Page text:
Tuesday, January 30, 2007
The Daily Dose is Back
Of bile, that is.
And, yes. It's true. It's my fault.
The Sloth Returns!
While the international media in Miami is focused on asking the Bears and Colts questions like:
"Peyton: Was it your idea to say, ''Moooover!'' in the commercial?"
"Brian, would you like to re-connect with Paris Hilton?"
"Aren't you a little too close to your mother, Mr. McCaskey?"
...we here at Ivy Chat are continually focused on all things financial. Crain's Chicago Business has a fine summary of how the Bears will profit from this week's game.
First of all, the Colts and Bears actually have to spend money to go to the game. The league pays airfare and hotel for each team for up to 100 players and staff, and 100 family members. Beyond that, it's on the team's checkbooks.
Players make $40,000 for being in the game. The winning team gets an additional $38,000 per player. It occurs to this writer that this is not exactly a huge incentive. Couldn't a severely underpaid player do something underhanded in an attempt to make even more money? Shouldn't the NFL compensate the players in such a way to disincentivise that?
Lastly, ticket prices can be expected to go up again. Success plus the limited seating capacity of the NFL's smallest stadium should equal a sharp rise in prices. But some fans should be able to profit as well due to a rise in the resale value of Soldier Field PSLs.
Sunday, January 28, 2007
As Superbowl Week Begins...
...let's take a last look at Jeff Joniak's final words from last week:
"Hear me now, believe me later. Bear Fans your dream is a reality. Begin the migration to Miami!"
Beyond this being nearly impossibly bad, it's also two blantant rip offs. This first portion is from a Saturday Night Live bit. Remember old Hanz and Franz? It seems that this was one of lesser known catch phrases (behind their signature lines of "Ve're going to pahmp... you aaahp!" and "Girlie man!" Some people were smart enough to recognize this last week. Ivy Chat is just cathing up to you now. And tipping our hat.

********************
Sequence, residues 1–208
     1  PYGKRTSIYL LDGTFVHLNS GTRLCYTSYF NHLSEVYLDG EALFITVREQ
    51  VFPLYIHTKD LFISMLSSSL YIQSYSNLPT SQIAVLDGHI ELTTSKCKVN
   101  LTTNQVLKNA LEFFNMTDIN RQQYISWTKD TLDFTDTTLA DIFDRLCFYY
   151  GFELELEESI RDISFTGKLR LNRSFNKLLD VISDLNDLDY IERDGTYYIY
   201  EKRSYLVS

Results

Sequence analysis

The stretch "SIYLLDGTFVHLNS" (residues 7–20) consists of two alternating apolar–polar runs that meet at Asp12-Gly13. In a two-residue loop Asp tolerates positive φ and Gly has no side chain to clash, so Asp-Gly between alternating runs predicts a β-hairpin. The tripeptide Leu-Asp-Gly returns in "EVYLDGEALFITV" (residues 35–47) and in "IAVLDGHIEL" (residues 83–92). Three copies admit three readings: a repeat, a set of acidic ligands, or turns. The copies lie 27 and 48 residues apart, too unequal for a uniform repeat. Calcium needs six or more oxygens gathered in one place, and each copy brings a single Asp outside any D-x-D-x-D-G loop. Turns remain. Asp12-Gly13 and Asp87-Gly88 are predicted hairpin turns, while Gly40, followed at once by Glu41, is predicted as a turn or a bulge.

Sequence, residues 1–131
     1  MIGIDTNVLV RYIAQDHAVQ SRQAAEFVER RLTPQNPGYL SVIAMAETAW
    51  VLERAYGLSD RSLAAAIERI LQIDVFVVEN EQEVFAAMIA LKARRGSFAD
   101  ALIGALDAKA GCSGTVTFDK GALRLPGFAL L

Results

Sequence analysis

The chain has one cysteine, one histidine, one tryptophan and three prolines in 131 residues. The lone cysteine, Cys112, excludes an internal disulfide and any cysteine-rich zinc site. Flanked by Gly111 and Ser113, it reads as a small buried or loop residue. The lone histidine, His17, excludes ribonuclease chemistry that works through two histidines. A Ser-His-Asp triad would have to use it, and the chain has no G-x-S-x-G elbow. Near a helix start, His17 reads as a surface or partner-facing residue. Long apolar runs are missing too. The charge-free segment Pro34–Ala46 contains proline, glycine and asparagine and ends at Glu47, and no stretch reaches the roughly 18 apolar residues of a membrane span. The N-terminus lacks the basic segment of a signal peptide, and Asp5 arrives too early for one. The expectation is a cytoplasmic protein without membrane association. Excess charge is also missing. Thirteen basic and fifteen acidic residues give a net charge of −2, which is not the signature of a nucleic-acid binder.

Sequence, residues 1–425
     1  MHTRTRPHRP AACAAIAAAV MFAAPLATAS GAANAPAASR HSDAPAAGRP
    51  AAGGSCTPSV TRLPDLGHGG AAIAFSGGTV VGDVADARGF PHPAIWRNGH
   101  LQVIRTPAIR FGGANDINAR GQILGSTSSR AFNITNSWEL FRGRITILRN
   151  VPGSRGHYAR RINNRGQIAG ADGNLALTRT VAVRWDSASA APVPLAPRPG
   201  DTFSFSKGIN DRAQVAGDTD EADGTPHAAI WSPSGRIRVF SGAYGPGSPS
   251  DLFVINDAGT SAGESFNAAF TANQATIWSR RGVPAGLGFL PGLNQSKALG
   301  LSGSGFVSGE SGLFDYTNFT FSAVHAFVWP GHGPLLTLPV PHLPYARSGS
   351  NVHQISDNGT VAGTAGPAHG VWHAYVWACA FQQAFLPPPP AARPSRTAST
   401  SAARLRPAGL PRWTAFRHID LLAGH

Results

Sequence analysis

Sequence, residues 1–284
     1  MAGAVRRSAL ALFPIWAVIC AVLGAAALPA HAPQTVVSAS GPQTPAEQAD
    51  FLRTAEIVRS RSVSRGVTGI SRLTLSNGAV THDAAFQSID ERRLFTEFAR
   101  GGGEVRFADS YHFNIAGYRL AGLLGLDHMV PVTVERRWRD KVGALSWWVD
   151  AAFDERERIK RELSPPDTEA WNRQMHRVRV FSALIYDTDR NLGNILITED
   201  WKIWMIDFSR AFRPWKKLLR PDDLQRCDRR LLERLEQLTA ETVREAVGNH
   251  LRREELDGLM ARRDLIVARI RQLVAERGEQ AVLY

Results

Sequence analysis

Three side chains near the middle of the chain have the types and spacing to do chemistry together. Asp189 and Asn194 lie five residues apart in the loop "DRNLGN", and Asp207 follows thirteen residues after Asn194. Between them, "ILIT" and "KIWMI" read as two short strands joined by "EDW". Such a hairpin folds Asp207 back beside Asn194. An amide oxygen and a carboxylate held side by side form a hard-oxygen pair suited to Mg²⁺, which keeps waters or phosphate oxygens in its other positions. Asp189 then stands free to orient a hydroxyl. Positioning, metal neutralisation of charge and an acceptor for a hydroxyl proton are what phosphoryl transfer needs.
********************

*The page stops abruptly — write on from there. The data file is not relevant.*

The second part, the "dream is reality," is an even worse rip off. Where does it come from? Let's turn to today's Chicago Tribune and Ed Sherman for the source:
Wayne Larrivee (is) the only Bears announcers to make the call for a Super Bowl winner. When the final seconds ticked off in New Orleans, Larrivee said, "The dream is reality. The Bears are the Super Bowl champions."
Where did Wayne get the idea?
Larrivee says he went into the Super Bowl with a line in mind.
"At the NFC championship game, I looked across the way and somebody held up a sheet that said, 'Dream is reality,'" Larrivee says. "I made a mental note to incorporate that if they won the Super Bowl."
So, Wayne got it from a fan and nicely incorporated it into his broadcast.
Joniak had 21 years to come up with something and his muse led him to the most obvious call and a nearly forgotten parody of Arnold Schwarzenegger?
And, unless you think irony is something we don't get here because people ski topless here while smoking dope, so irony's not really a, a high priority. We haven't had any irony here since about, uh, '83, when I was the only practitioner of it. And I stopped because I was tired of being stared at...
Unless you think that, check out the TOPIC of Ed Sherman's column. Let's just say that the only thing that scares me about a Bear win is what Joniak might actually contribute to the commerative DVD.
Thursday, January 25, 2007
Where Everyone Knows You Are a Doofus
Anyone here still watch Cheers? Along with M*A*S*H, it may still be the most quotable TV show in history. What's interesting is how certain episodes remind you of things that happen in the real world today. One of the more obscure episodes was from the third season. It was titled, "Bar Bet". The plot involved one Eddie Gordon, a guy who bet Sam Malone that Sam would marry Jacqueline Bisset within a year or Eddie would win the bar. It seems one year is up tomorrow and Eddie is here to collect on his bet and take the bar if Sam isn't married to Jacqueline Bisset by the end of the day tomorrow.
There are two things amusing about that episode. First, Eddie Gordon was played by Michael Richards, the future Cosmo Kramer who now is more famous for his "aggressive" reaction to hecklers of his stand up act.
But second, if you turn to the Sun Times today, you will read about one Bryan Lange. It seems Bryan (spelled that way because you can't have a brain without an "I") was able to get Bears safety Chris Harris to promise to give Lange Superbowl tickets if the Bears went to the Superbowl this year. Harris is on a video clip saying, "I will give you tickets."
Lange replies, "I'm going to hold you to it. I've got you on tape."
Harris, looking at the camera, then agrees: "It's on tape. If we win, he's going."